Child Justice Bill to be implemented next year

Wednesday, March 18, 2009

Pretoria - The country will have its first ever Child Justice Act by April next year, a law that tries to balance the rights of victims with the reality that juvenile offenders will be adults one day and that they need to be rehabilitated.

The Bill, recently passed by Parliament, is inspired by the Constitution and international treaties and laws concerning children that South Africa either subscribes to or is party to.

Under current legislation, children either get jail sentences or suspended sentences and through this they are exposed to adult criminal suspects and convicts who may be a bad influence or even abusive.

The new Bill therefore hopes to change the system to allow for alternatives to jail when it comes to juvenile offenders in the way of diversion.

One of the main objectives of diversion is to promote the child's re-integration into the community and reduce potential re-offending. The Bill also seeks to balance the best interests of the child and society, with due regard to the victim's rights.

It also allows for children to be detained in facilities appropriate to their age and away from adult criminals.

The department has launched a pilot project to house these children, due to the lack of non-custodial options available as well as the people and resources to manage them.

It has already been piloted at Randburg in Gauteng; Odi in the North-West; Bellville in the Western Cape; East London in the Eastern Cape and Kimberley in the Northern Cape.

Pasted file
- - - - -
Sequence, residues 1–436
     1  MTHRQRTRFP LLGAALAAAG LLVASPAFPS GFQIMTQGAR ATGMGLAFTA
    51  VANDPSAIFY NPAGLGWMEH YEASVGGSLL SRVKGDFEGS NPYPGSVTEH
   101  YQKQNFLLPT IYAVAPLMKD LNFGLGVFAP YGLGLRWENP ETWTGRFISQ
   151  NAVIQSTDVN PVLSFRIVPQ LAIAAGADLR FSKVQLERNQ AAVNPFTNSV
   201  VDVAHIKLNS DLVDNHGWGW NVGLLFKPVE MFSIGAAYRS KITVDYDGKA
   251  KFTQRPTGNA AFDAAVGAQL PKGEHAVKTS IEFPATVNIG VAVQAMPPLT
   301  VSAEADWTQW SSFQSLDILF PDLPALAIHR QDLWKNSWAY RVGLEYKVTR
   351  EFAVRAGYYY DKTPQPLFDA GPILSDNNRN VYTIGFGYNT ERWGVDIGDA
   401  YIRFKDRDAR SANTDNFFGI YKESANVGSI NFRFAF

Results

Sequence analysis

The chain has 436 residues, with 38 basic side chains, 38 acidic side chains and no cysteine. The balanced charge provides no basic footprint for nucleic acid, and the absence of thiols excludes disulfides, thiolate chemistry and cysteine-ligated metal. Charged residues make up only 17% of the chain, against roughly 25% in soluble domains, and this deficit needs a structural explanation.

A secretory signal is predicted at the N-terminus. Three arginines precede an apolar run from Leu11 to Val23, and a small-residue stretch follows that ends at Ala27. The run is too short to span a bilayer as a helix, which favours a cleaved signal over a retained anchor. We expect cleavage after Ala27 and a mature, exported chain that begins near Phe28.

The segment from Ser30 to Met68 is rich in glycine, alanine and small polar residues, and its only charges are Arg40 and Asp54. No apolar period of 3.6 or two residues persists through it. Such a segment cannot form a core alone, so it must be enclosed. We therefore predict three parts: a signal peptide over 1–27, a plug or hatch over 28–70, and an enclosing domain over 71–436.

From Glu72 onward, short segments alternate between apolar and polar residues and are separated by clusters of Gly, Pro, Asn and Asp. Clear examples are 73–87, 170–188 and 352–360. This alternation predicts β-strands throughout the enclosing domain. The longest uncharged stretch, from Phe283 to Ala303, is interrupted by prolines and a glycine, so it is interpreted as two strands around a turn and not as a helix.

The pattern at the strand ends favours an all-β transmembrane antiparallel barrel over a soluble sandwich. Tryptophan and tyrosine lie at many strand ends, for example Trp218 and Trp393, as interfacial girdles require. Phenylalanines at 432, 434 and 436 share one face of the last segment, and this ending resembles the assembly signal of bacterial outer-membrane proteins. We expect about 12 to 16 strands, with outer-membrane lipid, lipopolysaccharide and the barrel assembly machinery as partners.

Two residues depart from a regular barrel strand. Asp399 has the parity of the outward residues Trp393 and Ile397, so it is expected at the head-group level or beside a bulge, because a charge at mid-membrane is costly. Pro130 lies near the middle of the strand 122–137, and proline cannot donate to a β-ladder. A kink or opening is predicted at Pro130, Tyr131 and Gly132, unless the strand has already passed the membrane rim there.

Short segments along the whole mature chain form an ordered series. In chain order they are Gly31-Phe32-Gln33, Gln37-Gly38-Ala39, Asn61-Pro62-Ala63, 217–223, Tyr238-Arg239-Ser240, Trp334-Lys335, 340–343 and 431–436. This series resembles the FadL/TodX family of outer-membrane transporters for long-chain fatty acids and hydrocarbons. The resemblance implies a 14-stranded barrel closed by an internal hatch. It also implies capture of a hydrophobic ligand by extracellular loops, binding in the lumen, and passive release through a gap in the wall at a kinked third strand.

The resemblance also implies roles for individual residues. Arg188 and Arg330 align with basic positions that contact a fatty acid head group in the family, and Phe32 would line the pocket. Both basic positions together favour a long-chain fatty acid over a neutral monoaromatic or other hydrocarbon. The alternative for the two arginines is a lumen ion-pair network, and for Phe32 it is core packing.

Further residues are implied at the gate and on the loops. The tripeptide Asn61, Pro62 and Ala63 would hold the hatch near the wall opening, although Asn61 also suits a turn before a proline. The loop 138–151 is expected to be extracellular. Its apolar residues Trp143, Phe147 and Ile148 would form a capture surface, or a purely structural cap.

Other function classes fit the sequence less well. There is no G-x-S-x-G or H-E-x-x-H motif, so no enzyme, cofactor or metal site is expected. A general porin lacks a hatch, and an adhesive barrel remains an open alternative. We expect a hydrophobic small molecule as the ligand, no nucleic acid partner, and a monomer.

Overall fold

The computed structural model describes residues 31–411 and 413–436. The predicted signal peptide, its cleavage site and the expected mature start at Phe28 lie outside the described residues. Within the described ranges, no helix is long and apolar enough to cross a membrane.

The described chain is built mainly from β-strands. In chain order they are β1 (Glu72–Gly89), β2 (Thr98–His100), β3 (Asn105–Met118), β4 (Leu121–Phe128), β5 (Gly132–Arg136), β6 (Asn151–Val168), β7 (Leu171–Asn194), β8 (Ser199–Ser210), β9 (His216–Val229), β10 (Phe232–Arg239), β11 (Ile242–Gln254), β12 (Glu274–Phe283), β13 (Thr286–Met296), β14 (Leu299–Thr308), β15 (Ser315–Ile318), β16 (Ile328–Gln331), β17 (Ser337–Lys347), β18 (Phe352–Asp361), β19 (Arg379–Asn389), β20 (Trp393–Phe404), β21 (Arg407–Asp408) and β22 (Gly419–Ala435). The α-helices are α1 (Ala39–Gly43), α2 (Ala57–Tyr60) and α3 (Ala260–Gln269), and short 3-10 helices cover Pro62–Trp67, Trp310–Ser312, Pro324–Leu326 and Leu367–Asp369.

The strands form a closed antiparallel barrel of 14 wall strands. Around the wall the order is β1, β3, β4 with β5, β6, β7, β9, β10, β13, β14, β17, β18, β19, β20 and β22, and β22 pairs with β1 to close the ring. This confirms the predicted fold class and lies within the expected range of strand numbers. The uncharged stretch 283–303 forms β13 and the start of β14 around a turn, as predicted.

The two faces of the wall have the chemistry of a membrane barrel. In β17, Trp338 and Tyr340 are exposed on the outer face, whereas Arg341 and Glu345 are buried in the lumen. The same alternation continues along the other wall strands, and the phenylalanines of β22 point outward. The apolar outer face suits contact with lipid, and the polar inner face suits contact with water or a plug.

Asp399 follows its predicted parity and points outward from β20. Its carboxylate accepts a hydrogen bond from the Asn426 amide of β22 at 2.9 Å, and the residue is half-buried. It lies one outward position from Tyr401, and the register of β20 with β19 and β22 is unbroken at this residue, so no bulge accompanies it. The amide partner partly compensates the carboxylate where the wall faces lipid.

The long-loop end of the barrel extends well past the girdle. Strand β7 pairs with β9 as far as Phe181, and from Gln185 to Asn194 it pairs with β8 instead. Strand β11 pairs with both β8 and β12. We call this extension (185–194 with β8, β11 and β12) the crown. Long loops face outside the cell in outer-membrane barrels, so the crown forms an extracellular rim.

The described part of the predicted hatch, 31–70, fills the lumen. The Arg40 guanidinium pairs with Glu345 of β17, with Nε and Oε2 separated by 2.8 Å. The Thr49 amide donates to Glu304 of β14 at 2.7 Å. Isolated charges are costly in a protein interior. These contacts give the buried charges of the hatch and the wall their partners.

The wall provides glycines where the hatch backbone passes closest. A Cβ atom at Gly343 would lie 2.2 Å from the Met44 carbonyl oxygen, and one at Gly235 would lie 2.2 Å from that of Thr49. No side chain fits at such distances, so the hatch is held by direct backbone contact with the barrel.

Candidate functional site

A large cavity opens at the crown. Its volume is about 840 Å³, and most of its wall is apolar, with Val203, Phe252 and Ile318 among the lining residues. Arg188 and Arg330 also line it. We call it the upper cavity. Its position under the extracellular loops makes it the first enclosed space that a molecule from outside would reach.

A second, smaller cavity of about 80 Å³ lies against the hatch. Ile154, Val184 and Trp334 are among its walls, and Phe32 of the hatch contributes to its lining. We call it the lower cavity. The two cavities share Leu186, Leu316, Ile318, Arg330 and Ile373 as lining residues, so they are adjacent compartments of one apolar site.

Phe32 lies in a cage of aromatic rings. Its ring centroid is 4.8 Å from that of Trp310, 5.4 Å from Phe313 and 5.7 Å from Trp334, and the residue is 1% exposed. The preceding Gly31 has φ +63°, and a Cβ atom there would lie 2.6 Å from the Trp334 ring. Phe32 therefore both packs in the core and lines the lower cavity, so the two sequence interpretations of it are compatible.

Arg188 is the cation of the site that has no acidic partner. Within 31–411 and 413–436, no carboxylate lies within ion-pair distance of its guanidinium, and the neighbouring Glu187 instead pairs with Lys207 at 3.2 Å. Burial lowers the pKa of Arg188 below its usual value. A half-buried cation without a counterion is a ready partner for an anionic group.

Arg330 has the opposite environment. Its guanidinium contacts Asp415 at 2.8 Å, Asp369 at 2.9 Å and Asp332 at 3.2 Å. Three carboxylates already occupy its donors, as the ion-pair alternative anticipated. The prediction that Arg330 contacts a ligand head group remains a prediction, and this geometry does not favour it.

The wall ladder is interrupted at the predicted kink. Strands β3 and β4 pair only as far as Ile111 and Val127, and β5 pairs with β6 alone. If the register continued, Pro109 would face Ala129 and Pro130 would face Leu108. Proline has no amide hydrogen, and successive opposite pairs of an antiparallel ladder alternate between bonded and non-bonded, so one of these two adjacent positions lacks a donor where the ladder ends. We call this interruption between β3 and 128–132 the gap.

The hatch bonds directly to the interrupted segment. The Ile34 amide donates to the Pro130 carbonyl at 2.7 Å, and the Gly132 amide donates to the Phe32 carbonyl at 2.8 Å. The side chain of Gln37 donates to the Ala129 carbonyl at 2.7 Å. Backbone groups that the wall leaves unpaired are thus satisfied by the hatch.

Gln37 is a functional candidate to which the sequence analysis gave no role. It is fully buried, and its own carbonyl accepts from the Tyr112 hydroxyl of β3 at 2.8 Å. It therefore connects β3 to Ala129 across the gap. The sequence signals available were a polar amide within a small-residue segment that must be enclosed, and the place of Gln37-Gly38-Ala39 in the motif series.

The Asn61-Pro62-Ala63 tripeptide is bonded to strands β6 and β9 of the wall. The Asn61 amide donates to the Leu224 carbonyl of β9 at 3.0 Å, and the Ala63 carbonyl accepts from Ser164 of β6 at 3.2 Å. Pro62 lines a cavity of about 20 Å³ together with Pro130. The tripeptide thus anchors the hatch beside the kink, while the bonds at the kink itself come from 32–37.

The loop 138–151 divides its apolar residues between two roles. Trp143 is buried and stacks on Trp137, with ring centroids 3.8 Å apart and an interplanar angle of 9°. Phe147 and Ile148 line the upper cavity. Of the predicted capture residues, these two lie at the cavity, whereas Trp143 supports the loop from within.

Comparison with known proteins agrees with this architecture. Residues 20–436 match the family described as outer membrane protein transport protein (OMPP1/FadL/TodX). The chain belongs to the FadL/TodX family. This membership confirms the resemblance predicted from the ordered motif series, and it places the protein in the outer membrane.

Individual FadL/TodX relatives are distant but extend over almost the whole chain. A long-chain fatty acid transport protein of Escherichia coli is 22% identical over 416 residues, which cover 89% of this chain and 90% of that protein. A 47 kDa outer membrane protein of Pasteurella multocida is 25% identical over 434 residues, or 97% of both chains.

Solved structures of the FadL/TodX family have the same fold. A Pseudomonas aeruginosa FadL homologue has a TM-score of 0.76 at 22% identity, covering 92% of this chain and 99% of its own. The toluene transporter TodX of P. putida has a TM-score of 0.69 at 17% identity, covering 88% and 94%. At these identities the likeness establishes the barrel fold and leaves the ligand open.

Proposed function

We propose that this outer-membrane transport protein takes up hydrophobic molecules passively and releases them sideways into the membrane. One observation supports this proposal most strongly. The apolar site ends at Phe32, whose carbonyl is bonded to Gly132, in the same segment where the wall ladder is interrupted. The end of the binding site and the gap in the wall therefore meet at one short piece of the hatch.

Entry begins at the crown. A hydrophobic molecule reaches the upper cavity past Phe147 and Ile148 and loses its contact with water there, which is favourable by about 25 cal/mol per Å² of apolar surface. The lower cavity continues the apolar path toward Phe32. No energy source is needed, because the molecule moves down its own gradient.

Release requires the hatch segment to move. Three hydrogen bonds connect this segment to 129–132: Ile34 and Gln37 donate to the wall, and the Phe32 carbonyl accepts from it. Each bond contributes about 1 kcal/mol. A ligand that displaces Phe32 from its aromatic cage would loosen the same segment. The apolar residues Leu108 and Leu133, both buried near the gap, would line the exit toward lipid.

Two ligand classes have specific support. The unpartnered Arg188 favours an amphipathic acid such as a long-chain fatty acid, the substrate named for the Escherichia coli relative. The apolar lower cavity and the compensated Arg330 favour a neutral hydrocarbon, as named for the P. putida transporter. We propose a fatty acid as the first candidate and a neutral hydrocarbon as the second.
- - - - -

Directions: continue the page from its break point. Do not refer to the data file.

The pilot programme is scheduled to take a year, after which it will be rolled out to all magisterial districts across the country.

Here, department officials work with the Department of Correctional Services, the National Institute for Crime Prevention and the Rehabilitation of Offenders (NICRO), schools, the provincial departments of education, the National Prosecuting Authority (NPA), the police, legal aid and local communities to find alternative punishments, especially diversion programmes with social workers and therapists.

Diversion is closely linked to restorative justice. Offenders take responsibility for their crimes and make amends. In doing this, they begin a process of healing. The process has been seen as more favourable for their victims, themselves, their families and the broader community.

The diversion programmes offers young offenders the chance to develop life skills as an alternative to being jailed. In terms of the pilot project, young suspects who commit offences, will be charged and will appear in court.

They will then be investigated by a probation officer who will check with NICRO if they are suitable for a non-custodial programme.

Offenders will not be considered for a diversion programme unless they voluntarily admit to the crime. The offender will be checked on by a probation officer, who will submit progress reports to the court.

NICRO then will continue to track and evaluate progress, in close consultation with the probation officer.

It is hoped that through this process, the department will create a much fairer system and see a dramatic drop in the number of juvenile prisoners, awaiting trial in prison with no access to formal education for minor offences that could have been far better dealt with in a number of ways.

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